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In 1784, Spode began printing under the glaze in blue on earthenware.  Early patterns were either copied from or highly influenced by Chinese porcelain imports.  Robert Copeland attributes the Chinese influence in the development of early patterns to two factors:  Requests of London customers for replacements for their Chinese wares, and the arrival of the engraver Thomas Lucas who brought with him the knowledge of designs from his previous employer, Thomas Turner at Caughley.  Many of the early blue transfer-printed patterns, grouped in this exhibition as Chinoiserie, were Chinese in style.  As Spode's production advanced and its customers' tastes evolved, the variety of patterns grew. Interest in Chinoiserie patterns later gave way to patterns that depicted rural scenes, exotic places, literary themes, as well as floral and botanical examples.

If a pattern included in this exhibit is also documented in Spode, Transfer Printed Ware, 1784-1833, by David Drakard and Paul Holdway, the Drakard/Holdway pattern number is referenced and the patterns appear in the same order as do Drakard/Holdway "P", or pattern numbers.  Patterns included in the exhibit that are not documented in the Drakard Holdway book follow sequentially.  The order in which patterns appear and are numbered in this exhibit is not necessarily the order in which Spode would have produced them.


By 1822, Spode had developed other colors, in addition to blue, that could withstand high-temperature glost firing.  The production of these additional hot-press printed colors enabled Spode to expand its line of wares and, thus, grow market share.  While not nearly as popular as Spode's various blues,  these new colors included green, brown, manganese purple, Payne's grey, and black.  Soon afterwards,  in 1824, two-color underglaze printing began.  Spode also employed other methods to add color.  One method was to transfer print outline patterns and then paint in or between the lines of the pattern in other colors.   Other methods included enameling with additional colors and gilded decoration over the glaze to further expand the variety of their offerings.  Near the end of the early Spode period, pink was also put into production.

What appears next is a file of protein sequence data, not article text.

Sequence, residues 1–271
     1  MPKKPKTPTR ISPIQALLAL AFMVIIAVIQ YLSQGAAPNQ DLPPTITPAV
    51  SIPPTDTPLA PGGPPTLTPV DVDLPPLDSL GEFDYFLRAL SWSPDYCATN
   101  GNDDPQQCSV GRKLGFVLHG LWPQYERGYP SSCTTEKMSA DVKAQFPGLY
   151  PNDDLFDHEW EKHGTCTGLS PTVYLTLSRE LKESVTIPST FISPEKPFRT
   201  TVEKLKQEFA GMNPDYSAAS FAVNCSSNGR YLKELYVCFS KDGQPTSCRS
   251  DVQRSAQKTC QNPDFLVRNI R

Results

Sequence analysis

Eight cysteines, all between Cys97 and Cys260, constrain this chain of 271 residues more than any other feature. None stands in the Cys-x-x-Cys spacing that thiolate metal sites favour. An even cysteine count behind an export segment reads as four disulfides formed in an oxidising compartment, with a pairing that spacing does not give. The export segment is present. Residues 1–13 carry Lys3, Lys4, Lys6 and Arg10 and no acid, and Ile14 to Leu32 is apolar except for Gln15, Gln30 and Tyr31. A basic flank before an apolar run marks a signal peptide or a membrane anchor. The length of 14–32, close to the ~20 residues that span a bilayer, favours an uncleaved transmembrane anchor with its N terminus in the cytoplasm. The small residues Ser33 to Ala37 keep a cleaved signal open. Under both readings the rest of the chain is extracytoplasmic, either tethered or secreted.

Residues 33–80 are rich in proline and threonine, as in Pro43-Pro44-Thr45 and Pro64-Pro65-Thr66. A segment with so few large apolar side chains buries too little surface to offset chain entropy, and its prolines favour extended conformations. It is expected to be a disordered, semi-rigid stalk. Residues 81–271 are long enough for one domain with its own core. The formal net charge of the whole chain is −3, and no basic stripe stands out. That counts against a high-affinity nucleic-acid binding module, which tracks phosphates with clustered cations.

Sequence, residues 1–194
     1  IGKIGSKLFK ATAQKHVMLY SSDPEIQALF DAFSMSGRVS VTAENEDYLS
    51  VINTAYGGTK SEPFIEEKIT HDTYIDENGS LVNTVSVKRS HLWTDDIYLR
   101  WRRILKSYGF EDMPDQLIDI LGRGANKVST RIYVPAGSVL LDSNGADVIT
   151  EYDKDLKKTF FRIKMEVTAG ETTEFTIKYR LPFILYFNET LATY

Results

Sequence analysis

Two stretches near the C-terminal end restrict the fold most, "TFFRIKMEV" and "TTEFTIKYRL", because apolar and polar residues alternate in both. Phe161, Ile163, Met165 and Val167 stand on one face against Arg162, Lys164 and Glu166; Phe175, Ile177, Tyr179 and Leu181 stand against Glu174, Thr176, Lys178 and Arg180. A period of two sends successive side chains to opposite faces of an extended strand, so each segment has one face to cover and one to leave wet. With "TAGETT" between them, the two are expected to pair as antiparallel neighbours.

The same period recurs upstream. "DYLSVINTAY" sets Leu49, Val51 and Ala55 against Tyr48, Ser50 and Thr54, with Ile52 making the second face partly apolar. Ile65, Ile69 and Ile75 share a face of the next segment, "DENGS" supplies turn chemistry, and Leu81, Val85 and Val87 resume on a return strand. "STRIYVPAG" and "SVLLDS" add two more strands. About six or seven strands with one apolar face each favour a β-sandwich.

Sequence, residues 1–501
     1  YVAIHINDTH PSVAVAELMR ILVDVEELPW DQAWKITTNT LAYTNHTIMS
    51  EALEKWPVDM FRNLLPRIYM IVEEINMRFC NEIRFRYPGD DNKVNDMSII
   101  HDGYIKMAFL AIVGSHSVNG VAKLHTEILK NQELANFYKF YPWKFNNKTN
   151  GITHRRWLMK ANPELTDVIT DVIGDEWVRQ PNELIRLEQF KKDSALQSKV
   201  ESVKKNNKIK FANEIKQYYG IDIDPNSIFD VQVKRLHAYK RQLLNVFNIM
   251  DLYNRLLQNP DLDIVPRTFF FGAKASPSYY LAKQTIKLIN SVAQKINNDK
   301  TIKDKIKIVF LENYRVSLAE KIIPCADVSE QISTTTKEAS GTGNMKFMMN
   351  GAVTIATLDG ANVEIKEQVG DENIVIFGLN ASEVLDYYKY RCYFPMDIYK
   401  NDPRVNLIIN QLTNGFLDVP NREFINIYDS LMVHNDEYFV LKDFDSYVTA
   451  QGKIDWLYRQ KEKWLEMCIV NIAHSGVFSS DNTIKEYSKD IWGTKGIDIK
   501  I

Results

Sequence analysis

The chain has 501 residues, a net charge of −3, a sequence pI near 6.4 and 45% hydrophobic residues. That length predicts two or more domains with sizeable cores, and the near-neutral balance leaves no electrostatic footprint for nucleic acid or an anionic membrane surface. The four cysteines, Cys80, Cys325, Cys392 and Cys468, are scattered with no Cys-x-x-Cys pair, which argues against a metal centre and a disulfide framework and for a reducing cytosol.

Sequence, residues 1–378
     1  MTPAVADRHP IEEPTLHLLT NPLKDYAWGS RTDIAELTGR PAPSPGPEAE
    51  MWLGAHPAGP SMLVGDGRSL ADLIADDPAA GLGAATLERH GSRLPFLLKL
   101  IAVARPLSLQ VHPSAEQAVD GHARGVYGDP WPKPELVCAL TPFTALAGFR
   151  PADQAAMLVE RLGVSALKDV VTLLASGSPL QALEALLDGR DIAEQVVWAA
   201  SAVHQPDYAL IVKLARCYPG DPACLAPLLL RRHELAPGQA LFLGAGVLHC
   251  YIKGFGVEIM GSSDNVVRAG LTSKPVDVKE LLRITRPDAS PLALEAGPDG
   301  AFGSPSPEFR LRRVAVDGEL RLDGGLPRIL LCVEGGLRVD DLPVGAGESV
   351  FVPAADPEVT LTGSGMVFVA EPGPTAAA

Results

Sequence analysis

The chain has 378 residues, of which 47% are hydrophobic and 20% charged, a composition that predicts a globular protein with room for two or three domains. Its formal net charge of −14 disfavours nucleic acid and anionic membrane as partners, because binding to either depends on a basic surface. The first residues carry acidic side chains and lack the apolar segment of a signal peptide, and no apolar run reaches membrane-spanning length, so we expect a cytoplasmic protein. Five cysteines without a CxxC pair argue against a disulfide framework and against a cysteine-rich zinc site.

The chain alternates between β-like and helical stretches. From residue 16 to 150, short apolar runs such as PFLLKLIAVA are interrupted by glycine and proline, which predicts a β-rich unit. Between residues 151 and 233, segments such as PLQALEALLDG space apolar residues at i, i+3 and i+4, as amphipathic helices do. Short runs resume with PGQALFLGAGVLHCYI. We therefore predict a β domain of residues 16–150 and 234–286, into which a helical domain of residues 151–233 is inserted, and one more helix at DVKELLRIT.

Spode produced a wide variety of ceramic shapes for everyday use that were decorated with underglaze printing.  The shapes included in this exhibition are organized in the same manner as they are found in Spode, Transfer Printed Ware, 1784-1833, by David Drakard and Paul Holdway:  Dinner and dessert wares, wares for breakfast and tea, toilet and personal hygiene, and useful, ornamental and toys.


The patterns featured in this exhibition are organized in the following categories:


european themes
European and

floral & botanical
Floral & Botanical

indian & oriental
Indian & Oriental

literature & the performing arts
Literature, Mythology
and the Arts